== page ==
Thursday, January 7, 2010

Thursday Thinking Green: Uses for Dryer Lint

As a result of all the laundry I've been doing lately, especially while getting outgrown and under used items ready to donate to the thrift store, I've been generating excessive amounts of dryer lint. Therefore, today's thinking green tip is for ways to use dryer lint rather than simply throwing it away. Truly green living dictates line drying rather than using a dryer, but it's the middle of winter so line drying is not practical at this time of year.

When planning on repurposing dryer lint, it's important to wash loads of laundry that consist only of items with natural fibers such as cotton or wool. While I don't normally dry wool items in the dryer, if you're repurposing 100% wool sweaters for other uses by felting them, the lint generated from this can be put to several uses.

Dryer lint is highly flammable which is why dryers must always be vented to the outside and the lint screen cleaned between each load. Take care to use either fireproof glass or metal containers for collecting and saving dryer lint.

Uses for dryer lint consisting only of natural fibers:

1) Use as a firestarter. Please do not use any lint with synthetic fibers for this purpose, however, as the synthetic fibers emit toxic fumes when burned. Balled up bits of lint work fine, but a more effective fire starter can be made by one of the following methods:

Save empty toilet paper tubes or paper towel rolls and when ready to start a fire, stuff with lint, then place under kindling in fireplace and light.

Save empty cardboard egg cartons, fill each section with lint, then pour melted wax over the top until covered. Set aside and let harden. (My parents, especially my mother, are notoriously thrifty and thanks to them I learned to make these years ago. We used bits of saved broken crayons for the wax and melted them inside an empty soup can placed inside a saucepan of boiling water.) Once hardened, separate into individual pieces. Store unused firestarters in a fireproof container such as glass or metal.

Make wood shaving campfire starters, substituting lint for the wood shavings. I think these would be quite lovely if domed up on top to look more like an actual cupcake and will soon be attempting this project myself.

If going camping, used prescription bottles make compact waterproof containers for transporting dryer lint to be used as firestarter.

2) Place it in your compost pile. Again, only natural fibers work for this purpose and dryer sheets should not be used in loads you plan on using for this purpose as the dryer sheets contain toxic materials best kept out of the soil.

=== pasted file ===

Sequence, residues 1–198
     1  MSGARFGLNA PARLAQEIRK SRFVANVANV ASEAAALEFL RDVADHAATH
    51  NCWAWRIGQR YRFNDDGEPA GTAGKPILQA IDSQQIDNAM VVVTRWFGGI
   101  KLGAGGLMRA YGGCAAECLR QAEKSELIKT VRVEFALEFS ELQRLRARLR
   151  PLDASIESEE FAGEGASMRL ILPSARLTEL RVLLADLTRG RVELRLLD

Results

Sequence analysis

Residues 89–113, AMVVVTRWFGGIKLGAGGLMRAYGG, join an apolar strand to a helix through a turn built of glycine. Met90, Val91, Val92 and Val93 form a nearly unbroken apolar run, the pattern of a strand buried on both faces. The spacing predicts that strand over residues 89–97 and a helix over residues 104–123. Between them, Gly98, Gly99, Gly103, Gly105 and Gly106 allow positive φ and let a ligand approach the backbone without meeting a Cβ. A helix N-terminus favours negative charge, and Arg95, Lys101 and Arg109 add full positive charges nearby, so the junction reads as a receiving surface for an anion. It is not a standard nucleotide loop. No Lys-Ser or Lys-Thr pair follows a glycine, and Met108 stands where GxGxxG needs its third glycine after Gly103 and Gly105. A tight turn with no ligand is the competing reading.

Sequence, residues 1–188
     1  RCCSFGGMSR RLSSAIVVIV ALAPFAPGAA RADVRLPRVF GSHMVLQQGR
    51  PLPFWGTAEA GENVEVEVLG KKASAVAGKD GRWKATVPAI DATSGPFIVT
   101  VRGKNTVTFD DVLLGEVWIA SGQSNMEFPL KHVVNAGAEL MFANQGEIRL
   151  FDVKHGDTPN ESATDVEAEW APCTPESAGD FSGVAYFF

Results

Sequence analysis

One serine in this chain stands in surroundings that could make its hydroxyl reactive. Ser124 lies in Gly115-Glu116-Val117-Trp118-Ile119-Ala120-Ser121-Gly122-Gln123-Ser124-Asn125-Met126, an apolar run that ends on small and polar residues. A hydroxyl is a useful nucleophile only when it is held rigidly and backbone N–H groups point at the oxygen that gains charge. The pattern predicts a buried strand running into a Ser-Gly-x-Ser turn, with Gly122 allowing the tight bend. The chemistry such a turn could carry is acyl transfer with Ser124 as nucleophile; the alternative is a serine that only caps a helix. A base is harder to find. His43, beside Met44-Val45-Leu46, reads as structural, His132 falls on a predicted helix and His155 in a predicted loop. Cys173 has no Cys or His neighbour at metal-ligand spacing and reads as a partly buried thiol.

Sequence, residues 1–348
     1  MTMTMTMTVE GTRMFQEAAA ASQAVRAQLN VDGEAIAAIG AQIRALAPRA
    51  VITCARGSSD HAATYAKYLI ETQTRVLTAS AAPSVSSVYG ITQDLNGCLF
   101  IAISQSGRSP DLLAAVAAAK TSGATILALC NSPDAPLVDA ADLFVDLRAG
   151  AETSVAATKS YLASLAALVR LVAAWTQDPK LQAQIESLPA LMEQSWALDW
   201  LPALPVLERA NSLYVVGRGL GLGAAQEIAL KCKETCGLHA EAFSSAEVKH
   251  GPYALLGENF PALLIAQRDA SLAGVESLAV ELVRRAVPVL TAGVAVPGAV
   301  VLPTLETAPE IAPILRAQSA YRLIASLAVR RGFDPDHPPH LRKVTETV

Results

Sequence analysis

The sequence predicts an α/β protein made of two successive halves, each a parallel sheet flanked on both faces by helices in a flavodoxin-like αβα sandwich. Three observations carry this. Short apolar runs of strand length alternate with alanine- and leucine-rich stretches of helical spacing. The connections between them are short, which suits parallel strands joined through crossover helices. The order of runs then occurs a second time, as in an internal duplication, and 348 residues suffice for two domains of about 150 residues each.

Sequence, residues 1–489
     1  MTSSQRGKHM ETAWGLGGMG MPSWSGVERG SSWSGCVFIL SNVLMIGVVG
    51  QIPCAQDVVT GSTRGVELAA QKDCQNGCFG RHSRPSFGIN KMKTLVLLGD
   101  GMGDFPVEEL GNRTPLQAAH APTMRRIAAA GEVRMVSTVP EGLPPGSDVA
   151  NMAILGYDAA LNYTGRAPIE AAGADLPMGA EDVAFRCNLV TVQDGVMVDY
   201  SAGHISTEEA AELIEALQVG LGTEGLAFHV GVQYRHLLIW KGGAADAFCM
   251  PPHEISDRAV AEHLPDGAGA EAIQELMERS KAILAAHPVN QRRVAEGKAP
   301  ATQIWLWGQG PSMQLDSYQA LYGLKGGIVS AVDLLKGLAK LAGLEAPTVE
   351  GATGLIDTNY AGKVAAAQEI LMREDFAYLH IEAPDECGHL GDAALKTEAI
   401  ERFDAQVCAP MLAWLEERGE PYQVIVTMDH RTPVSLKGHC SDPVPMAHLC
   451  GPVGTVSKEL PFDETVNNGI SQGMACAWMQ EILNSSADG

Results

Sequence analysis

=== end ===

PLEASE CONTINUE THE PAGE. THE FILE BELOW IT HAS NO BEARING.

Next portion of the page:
3) Leave it outside for birds to use in building their nests. Never place lint with synthetic fibers outside for the birds as fibers like polyester do not dry properly when used in a nest. Also, dryer sheets should not be used in loads intended for this purpose as the chemicals can be harmful to birds or other wildlife. I also recommend using a chemical free detergent for these loads as well. Any chemicals used during washing or drying of laundry can be harbored in the lint and cause a break down in the integrity of bird eggs, causing birds to die before hatching. I use an open compost pile method and this allows the birds and other wildlife to help themselves to items they can use from my pile. I keep it at the back edge of my garden, close enough to be easy to add items to, but far enough away that I don't have to worry about having scavengers on my doorstep.

4) Use as plant mulch. If the fibers in your lint are all natural, the mulch can serve to protect sensitive plants through the winter. As with all mulch, keep it back away from the plant itself as it can cause mold where it makes contact with the plant. It will, however, nicely supress weeds, help retain moisture, and in the winter, prevent the ground from heaving due to excessive freezing and thawing cycles. Since the fibers are natural, they will eventually decompose and add nutrients to the soil.

5) Use for craft projects. Depending on the project, you may be able to use dryer lint with synthetic fibers in it. Personally, I have pets and always have quite a bit of pet hair in my dryer lint, so this isn't a usage I'm likely to attempt. I'm not certain how the flammability of the dryer lint is modified by utilizing it in craft projects. For this reason, I recommend extreme caution if you decide to undertake any of these and keep the finished projects away from open flames.

Faux Papier Mache

Lint Clay

Lint Paper

A few years ago, a Pittsburgh artist, from Studio Capezzuti, created
The National Lint Project and created sculptures from dryer lint. At first glance, I'd never have guessed the angels and other creatures created for this project were made out of dryer lint.

Please feel free to post comments about other uses for dryer lint or any questions you may have.

2 comments:

Denise said...

Great post. I have used it for birds nest along with hair from hairbrushes and actually found an empty nest in our backyard with my hair strands/lint woven in.

BarkerBell Herbs and Heirlooms said...

Denise,

Thanks! I took a cue from some of your blog themes for my revamp for the new year. Nice to hear the birds made good use of your lint. I've read the tip before about putting out hair from hairbrushes but haven't tried it.

Hope you're having a great New Year and that the new job is going well.

Tam

LinkWithin

Related Posts with Thumbnails